Oh, how I wish I had a photo to show, but you will just have to use your imagination.


Yesterday, we had a medical clinic at a church that sits in the middle of the old City Dump.  The dump was used for 30 years and although it hasn't been used as a dump for the past 10 years, the community is still living in very poor conditions.  As much as I wanted to take a photo, I did not see an appropriate time to whip out my camera.  The people have been called "Divers", because they would dive in the garbage dump site for whatever they needed.  The pastor told me that someone broke into the church a couple days earlier and stole all their food- bags of rice, beans, sugar and coffee.

While I was putting my socks and shoes on and getting ready to head out the door, Bryan noticed that my socks had a big hole in the toe area.  He was semi-joking with me that I should change socks and throw the holey ones away.  I am very frugal (some would say cheap) and laughed it off while I continued getting ready.

At the medical fair, we had a trampoline set up for the children.  This offers a great release for any stress the children feel about seeing a doctor and is a good time for us to interact with the children.  I met a 13 year boy who is from Nicaragua and both his parents and his siblings are dead.  He lives with his grandmother and aunt, but we never saw them.  His clothes were tattered and he was extremely small for his age- he looked more like 9 or 10 years old.  He told me that he doesn't attend school anymore.  It broke my heart, but I was also so thankful that he was at the medical clinic, which was held in a Church.  The pastor had the opportunity to talk with him and hopefully this will be a place he will return.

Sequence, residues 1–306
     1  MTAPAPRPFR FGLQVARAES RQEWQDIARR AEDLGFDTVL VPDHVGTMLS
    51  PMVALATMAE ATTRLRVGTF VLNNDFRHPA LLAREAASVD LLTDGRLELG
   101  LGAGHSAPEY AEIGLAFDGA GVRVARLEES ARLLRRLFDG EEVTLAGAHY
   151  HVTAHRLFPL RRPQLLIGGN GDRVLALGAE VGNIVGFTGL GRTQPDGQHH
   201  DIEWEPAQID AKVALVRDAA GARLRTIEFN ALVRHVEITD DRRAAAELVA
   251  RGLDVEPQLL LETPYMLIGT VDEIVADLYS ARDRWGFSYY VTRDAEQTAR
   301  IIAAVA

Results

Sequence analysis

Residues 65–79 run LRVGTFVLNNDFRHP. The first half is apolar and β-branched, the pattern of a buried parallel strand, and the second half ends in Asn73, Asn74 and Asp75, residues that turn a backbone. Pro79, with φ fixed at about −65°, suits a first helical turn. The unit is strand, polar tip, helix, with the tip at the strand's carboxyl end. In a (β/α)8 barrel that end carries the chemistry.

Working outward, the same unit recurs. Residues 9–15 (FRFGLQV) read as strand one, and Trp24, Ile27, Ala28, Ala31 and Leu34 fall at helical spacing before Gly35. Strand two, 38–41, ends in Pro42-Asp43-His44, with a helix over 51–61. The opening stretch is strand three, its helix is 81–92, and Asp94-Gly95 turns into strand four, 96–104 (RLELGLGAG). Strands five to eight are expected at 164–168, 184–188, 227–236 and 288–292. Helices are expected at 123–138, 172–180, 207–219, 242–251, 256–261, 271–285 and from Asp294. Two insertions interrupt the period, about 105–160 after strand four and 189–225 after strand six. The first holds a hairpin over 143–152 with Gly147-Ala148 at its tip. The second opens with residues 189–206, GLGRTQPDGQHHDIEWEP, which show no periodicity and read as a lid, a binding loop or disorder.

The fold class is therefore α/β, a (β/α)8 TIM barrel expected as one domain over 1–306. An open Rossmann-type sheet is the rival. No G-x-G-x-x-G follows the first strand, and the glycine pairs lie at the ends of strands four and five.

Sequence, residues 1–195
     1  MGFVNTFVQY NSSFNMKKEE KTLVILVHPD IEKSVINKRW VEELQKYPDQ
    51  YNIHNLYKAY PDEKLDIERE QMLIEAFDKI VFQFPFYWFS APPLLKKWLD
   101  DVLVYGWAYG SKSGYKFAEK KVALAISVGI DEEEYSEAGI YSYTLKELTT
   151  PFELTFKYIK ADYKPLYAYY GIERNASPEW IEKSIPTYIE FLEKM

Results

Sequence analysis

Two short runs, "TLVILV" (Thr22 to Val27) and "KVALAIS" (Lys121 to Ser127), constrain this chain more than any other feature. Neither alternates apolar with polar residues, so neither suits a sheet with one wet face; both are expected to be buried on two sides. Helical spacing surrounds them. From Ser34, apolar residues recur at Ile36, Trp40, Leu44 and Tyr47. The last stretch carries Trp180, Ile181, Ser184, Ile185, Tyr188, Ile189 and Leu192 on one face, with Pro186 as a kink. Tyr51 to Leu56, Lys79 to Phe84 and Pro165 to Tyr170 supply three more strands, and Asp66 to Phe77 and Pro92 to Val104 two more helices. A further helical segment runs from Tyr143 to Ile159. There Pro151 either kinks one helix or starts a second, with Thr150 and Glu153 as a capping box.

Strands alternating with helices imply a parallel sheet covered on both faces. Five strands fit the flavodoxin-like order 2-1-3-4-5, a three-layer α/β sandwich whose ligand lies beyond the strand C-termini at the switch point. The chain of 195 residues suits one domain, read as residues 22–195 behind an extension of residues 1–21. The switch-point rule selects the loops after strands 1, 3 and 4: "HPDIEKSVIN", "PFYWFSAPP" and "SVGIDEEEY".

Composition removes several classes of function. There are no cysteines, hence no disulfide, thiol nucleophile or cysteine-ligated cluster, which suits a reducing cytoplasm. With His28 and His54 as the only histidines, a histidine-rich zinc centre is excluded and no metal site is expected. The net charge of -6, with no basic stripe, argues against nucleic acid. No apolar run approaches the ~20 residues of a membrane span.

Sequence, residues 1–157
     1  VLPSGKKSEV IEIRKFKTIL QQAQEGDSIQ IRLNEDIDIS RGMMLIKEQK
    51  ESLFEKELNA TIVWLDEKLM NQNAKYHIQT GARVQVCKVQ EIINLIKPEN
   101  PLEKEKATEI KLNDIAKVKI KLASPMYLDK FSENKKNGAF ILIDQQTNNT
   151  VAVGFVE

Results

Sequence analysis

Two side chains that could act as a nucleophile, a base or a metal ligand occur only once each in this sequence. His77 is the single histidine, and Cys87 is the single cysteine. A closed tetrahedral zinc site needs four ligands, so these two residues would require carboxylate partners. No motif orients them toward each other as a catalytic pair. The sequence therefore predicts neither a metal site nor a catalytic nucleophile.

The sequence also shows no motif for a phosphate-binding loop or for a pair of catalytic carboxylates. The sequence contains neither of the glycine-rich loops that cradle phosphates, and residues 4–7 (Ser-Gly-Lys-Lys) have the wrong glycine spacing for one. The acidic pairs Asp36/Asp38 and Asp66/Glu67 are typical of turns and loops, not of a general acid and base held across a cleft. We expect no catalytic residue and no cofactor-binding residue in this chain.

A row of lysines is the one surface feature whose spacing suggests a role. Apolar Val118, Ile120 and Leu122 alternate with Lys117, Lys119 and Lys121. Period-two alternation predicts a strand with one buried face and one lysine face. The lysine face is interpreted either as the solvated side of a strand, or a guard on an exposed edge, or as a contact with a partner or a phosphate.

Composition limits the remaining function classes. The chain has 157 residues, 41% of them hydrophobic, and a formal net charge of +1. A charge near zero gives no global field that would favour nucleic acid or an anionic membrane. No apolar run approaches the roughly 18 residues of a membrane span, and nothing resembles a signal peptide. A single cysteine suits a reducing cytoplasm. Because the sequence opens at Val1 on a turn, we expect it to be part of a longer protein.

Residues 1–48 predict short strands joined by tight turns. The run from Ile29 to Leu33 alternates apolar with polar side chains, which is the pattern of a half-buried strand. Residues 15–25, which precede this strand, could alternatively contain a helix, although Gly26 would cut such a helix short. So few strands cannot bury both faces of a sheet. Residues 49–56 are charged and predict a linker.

Okay, back to the trampoline.  We only have a few rules and one is that the children cannot wear shoes while jumping.  This is somewhat uncomfortable for the Costa Ricans because to walk around barefoot is just not done.  Legend is that worms can crawl into your body through your feet.  So, most of the children wear socks and stand on their shoes while they wait.  Yesterday was a little different because many of the children did not have socks to wear and didn't mind jumping barefoot.

It was a blessing when two girls came up to me and asked if they could jump.  I told them yes, and the rule about no shoes.  They looked at each other and I could see terror in their eyes.  Then they giggled and started to walk away.  I stopped them and quietly asked them if they had holes in their socks and they replied yes.  I told them not to worry, that we had matching socks!  When I pulled my shoes off and showed them my painted big toe sticking out of my socks, their face turned from terror to delight.  After we all laughed for a few moments, they quickly torn off their shoes and socks and proceeded to jump until it was time for us to go.

Who would have guessed that morning that a barrier would be broken just because the Gringa (North American) didn't appear any better or richer than the community.  Thank you Jesus for orchestrating the day and giving us the opportunity to serve you by just being ourselves.  

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